Gigot de Sept Heures

Seven Hour Leg of Lamb


Preparation info

  • Difficulty


  • Serves


Appears in

The Country Cooking of France

By Anne Willan

Published 2007

  • About

Versions of Gigot de Sept Heures developed where there was tough mutton —which once meant almost everywhere in France. Literally six or seven hours of gentle cooking was needed. I am always surprised how long even a leg of mature lamb, nine months old if that, must be poached just below a simmer to become tender. When cut with a spoon, the lamb should fall from the bones, a traditional test for being done. Don’t hesitate to add generous amounts of vegetables to the lamb. They lose a surprising amount of volume as they cook and contribute intense flavor to the pan juices. Despite the large quantity of garlic, by the end of cooking the taste mellows to be scarcely perceptible. To make this a one-pot meal, add some unpeeled potatoes, cut into quarters, about 40 minutes before the lamb is done.


  • one 5- to 6-pound/about 2.5-kg leg of lamb or mutton
  • 12 garlic cloves, cut into sticks
  • 1 large bouquet garni
  • salt and pepper
  • 4 quarts/4 liters water, more if needed


  • 4 leeks (about pounds/675 g total), white and green parts
  • 1 small celery root (about pounds/675 g)
  • 4 large carrots (about pounds/675 g total), quartered
  • 4 turnips (about pounds/675 g total), quartered
  • 4 onions (about pounds/675 g total), quartered
  • 10 to 15 garlic cloves
  • large oval flameproof casserole


Start preparing the lamb at least 6 hours ahead. Heat the oven to 275°F/140°C. Trim the meat of excess fat and any skin (mutton fat can be very strong). Poke holes in the meat with the point of a small knife and insert the sticks of garlic. Tie the meat as tightly as possible with string, as it will shrink during cooking. Put the lamb in the flameproof casserole with the bouquet garni, a large pinch of salt, and enough water to cover it by threefourths. Bring the water slowly to a boil on the stove top, skimming often and taking 10 to 15 minutes. Cover the casserole and transfer it to the oven. Poach the lamb until it is almost tender when pierced with a twopronged fork, about 4 hours. Check it every hour or so as it cooks, turning it and adding more water if too much evaporates. If the water starts to simmer, turn down the heat, as slow cooking is important to a good result.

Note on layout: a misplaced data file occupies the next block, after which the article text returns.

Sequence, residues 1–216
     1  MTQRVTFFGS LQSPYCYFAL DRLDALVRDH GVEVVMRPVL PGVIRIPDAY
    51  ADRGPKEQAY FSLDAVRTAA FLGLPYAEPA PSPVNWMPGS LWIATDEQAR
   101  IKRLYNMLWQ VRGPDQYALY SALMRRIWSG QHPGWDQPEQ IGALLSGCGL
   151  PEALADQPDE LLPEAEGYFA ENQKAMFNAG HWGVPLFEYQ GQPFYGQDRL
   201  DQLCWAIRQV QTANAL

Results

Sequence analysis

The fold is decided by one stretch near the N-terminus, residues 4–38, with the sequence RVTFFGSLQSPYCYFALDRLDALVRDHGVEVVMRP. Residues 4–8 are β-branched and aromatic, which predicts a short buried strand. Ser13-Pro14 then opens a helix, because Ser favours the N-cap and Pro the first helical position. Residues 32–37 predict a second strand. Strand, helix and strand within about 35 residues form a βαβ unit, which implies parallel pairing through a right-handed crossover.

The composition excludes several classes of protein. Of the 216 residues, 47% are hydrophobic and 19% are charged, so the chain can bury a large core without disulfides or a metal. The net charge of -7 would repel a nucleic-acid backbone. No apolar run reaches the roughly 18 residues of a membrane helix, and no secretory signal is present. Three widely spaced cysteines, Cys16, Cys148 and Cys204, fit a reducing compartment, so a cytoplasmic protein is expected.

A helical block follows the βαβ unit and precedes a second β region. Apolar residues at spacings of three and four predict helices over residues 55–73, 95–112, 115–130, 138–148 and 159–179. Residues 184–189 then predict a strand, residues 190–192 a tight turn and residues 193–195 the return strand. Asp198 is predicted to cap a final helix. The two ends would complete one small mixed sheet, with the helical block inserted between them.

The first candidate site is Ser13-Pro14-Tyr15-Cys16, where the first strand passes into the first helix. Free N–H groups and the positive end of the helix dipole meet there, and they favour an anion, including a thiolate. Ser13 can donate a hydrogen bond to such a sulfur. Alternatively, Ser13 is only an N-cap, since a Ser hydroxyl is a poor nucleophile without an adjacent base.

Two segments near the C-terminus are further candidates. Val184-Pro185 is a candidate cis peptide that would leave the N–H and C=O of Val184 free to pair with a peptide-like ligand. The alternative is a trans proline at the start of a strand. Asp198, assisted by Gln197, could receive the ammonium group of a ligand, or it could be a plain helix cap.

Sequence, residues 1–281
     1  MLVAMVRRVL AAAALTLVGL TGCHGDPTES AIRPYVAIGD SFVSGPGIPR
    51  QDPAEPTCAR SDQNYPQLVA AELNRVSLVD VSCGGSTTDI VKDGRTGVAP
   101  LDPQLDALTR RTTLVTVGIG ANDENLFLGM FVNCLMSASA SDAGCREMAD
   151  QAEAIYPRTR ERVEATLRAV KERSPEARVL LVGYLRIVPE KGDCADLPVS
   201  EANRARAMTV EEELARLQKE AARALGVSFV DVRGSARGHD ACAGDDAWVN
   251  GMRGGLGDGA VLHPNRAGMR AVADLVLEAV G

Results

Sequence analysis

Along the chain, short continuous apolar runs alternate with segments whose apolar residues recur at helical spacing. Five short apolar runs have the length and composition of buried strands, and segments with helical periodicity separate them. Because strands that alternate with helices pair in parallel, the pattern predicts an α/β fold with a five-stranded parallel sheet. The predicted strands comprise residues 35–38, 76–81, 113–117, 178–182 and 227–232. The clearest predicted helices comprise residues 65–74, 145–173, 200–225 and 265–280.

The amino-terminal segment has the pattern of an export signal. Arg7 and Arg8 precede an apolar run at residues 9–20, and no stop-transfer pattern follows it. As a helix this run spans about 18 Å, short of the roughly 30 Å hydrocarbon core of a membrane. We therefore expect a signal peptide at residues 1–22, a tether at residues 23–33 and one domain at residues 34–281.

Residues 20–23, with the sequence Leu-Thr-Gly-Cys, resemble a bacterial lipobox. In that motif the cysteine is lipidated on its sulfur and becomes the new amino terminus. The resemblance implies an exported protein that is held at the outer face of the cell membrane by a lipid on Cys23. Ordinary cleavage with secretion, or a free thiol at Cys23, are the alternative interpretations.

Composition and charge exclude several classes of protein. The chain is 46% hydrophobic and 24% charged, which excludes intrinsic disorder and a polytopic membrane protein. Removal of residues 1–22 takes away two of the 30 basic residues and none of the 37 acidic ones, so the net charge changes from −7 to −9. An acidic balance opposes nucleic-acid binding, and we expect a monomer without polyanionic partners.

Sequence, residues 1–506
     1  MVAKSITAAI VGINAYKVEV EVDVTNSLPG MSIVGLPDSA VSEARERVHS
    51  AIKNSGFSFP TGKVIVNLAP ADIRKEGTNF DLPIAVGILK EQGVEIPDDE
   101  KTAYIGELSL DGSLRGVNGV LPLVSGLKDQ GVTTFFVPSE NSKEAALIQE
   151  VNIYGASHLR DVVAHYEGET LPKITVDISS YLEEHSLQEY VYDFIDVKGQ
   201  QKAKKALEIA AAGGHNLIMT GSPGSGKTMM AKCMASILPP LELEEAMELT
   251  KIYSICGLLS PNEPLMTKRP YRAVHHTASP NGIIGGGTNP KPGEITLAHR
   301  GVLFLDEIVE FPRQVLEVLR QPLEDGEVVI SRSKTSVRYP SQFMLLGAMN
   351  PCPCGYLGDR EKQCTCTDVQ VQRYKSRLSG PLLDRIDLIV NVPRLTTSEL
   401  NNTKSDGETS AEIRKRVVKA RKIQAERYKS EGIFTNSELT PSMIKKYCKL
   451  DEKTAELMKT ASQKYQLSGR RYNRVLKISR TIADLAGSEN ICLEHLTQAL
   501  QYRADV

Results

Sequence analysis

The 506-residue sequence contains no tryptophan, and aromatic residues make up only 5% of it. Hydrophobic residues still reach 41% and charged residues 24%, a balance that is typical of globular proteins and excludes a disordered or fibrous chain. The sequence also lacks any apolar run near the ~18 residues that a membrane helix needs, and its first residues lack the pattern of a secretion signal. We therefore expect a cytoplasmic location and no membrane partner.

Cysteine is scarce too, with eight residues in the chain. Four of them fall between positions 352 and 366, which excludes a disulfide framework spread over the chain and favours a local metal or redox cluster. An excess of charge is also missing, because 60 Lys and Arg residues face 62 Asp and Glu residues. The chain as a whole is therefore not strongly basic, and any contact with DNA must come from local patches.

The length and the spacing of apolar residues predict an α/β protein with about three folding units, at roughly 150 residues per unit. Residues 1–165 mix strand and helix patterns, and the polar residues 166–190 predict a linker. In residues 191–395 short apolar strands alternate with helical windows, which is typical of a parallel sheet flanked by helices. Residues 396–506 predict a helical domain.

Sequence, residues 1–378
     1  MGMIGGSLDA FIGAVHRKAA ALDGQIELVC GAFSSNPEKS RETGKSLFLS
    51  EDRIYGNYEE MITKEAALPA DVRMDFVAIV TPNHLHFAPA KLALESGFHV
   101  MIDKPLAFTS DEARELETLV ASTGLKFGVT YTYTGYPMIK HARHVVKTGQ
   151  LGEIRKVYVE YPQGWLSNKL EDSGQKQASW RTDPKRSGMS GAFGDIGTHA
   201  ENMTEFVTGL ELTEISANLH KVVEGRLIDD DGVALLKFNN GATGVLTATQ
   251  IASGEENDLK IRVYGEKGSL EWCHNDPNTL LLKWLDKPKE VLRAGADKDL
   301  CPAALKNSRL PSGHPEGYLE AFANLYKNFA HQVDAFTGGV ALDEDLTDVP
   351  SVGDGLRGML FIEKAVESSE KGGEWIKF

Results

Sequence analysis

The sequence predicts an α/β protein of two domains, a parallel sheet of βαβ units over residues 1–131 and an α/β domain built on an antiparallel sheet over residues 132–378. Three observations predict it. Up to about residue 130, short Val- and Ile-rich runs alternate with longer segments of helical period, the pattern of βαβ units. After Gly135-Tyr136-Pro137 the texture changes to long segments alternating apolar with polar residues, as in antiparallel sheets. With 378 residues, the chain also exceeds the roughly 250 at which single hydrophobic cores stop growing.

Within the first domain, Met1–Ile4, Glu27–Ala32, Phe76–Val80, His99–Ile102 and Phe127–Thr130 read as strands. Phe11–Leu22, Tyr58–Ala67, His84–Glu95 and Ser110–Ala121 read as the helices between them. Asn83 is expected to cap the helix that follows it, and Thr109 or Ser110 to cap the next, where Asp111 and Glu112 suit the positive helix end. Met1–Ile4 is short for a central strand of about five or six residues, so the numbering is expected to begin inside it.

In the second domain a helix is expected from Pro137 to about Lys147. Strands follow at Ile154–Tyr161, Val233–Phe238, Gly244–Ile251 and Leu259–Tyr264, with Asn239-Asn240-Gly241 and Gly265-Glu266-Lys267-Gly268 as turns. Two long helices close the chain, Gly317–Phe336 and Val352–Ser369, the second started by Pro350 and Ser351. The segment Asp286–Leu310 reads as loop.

Meanwhile, prepare the vegetables. Cut the leeks into 2inch/5cm lengths and tie them in several bundles with string. Peel and quarter the celery root and cut each piece in half to make 8 chunks total.

After 4 hours, or when the lamb is almost tender, lift it out. Add the leeks, celery root, carrots, turnips, onions, and whole garlic cloves to the pan and set the meat on top. Add water as necessary so the leg is half covered. Continue cooking until the meat and vegetables are very tender indeed, about 1 hour longer.

To finish the dish, lift out the lamb, put it on a platter, cover with aluminum foil, and set aside. If the vegetables are not very tender, continue simmering them, uncovered, on the stove top until they almost collapse into a fragrant mélange. Transfer them with a draining spoon to a warmed deep platter, discarding the bouquet garni. Boil the cooking broth until well reduced and concentrated; this may take up to 15 minutes. Taste and adjust the seasoning. If the lamb has cooled down, return it to the casserole and reheat it on the stove top. Discard the trussing strings from the lamb and set it on the vegetables; moisten the lamb with a little of the reduced broth and pass the rest of the broth at the table. You will not need to carve the meat, as it will fall apart into chunks with the touch of a spoon.